About seven years ago one of the parents of one of my students who I taught that year wanted to gift me like a teacher gift at the end of the year. So she actually got me a one day workshop at this place in Richardson, Texas called The Encaustics Center. So myself and her … my student, her daughter got to go spend the day with artist Bonny Leibowitz and learn the ins and outs of encaustics. So that’s really how I learned about it, and since then I’ve gone to The Encaustics Center multiple times for work days and also to take more workshops and classes, learn more about encaustics.

Encaustic painting is painting with melted beeswax and pigment. Actually a really old form of painting. It’s highly archival when done correctly. Tons of years went by where a lot of people didn’t know a lot about it, and people weren’t practicing it, and it’s something that’s kind of reemerged again and starting to get popular. Like I said, it’s been around for a long time and it’s just made with wax pigments and it’s fused together, each layer fused together with heat.

Tim: Okay. Cool. I like the idea. You don’t think about how it can be archival, how it can last for ever. I know you had talked about that when you did your conference presentation on this a while back. And I thought that was always fascinating. But I wanted to ask like, after you did this workshop and kind of figure out what’s going on, how to create it, like how do you get started doing encaustic painting with your teaching? Like what do you need for your classroom? Like how do you go about setting up a station for kids to work with?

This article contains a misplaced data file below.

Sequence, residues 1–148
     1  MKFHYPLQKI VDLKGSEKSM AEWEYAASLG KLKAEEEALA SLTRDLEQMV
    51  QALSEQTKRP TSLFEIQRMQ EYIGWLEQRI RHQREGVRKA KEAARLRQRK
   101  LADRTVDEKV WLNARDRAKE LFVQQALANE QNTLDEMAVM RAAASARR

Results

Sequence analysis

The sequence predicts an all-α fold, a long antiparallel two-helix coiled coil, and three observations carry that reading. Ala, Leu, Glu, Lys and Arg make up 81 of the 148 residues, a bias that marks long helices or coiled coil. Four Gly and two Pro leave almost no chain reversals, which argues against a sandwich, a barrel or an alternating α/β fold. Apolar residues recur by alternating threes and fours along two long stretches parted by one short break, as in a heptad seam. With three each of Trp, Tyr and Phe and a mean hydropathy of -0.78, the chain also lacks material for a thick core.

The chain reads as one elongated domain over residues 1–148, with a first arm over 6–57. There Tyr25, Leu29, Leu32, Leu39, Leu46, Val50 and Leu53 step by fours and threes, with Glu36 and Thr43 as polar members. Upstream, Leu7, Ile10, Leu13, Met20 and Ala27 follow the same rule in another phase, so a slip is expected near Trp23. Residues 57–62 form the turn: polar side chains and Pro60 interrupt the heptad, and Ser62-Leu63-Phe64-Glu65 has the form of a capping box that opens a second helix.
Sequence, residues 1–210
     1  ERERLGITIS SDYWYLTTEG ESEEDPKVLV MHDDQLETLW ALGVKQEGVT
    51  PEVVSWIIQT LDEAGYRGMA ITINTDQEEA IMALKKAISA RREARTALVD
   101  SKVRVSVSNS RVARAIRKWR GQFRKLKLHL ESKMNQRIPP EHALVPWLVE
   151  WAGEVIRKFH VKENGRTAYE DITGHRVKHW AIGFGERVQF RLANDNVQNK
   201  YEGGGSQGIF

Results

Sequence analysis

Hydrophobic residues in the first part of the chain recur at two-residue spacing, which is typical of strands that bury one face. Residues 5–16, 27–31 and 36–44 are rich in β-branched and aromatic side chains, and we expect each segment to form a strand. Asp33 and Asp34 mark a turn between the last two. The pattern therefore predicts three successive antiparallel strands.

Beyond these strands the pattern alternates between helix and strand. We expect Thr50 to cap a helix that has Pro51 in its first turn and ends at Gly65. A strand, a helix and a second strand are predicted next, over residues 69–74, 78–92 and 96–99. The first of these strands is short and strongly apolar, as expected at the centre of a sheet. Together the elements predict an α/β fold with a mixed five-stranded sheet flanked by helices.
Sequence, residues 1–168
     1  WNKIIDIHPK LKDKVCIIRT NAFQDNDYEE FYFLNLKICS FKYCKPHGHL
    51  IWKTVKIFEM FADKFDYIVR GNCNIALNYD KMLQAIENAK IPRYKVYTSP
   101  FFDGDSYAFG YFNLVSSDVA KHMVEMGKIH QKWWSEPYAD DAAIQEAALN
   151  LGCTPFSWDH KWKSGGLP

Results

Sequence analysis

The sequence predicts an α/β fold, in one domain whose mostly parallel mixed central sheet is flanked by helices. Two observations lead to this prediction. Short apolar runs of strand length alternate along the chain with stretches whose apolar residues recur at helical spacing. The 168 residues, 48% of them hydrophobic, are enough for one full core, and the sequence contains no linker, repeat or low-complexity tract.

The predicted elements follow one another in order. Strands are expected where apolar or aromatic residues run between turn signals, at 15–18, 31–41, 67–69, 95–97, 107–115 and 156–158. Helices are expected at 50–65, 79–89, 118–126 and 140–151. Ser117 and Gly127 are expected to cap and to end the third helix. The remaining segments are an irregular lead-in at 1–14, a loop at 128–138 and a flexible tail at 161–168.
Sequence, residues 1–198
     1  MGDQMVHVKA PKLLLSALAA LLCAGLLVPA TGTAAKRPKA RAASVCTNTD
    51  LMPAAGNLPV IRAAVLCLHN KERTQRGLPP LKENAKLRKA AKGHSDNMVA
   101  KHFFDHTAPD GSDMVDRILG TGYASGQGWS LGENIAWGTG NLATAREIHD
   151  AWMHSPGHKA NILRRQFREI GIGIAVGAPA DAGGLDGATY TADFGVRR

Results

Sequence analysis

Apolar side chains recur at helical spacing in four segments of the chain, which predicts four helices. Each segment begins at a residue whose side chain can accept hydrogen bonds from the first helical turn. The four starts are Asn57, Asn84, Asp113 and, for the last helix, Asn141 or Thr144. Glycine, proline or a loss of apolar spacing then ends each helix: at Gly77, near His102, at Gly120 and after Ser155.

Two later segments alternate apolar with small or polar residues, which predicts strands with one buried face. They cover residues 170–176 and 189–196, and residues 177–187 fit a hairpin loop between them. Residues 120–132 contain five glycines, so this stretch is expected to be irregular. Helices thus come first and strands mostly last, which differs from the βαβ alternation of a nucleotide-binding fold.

Lena: That’s what’s awesome about this Learning Pack is that I give all that information. So basically how I set up my station and my classroom it really for me it’s become a permanent fixture because it’s a lot of stuff to get out and to get ready, and having it visible for students to see is a frequent reminder that it’s there and it’s available for them. I find an area in one of my studios basically that is going to be well ventilated and it’s available students when they need it.

So I basically, my set up, I’ve got my chalk plate and I’ve got various waxes and lots of different tools from just regular kitchen spoons for doing photo transfer and burnishing to cooking scrapers and spatulas and things like that because you can use that with encaustic. You don’t necessarily just have to get all of your tools for this at an art supply store or specialty shop. You can find things just at your local grocery store that you can use to work towards it.

As far as how I get it started with my teaching, it’s something that I really want all of my students to have and understanding the experience with. So, because I only have like two stations in my studio and only two students at a time can work on it, that’s not really practical for the teaching part. So what we have done for the last four years now is that we actually take every freshman group  to learn the ins, the outs, the safety components, and we count that as their training. Once they’ve completed that course, then they can actually use the encaustics setup in the classroom.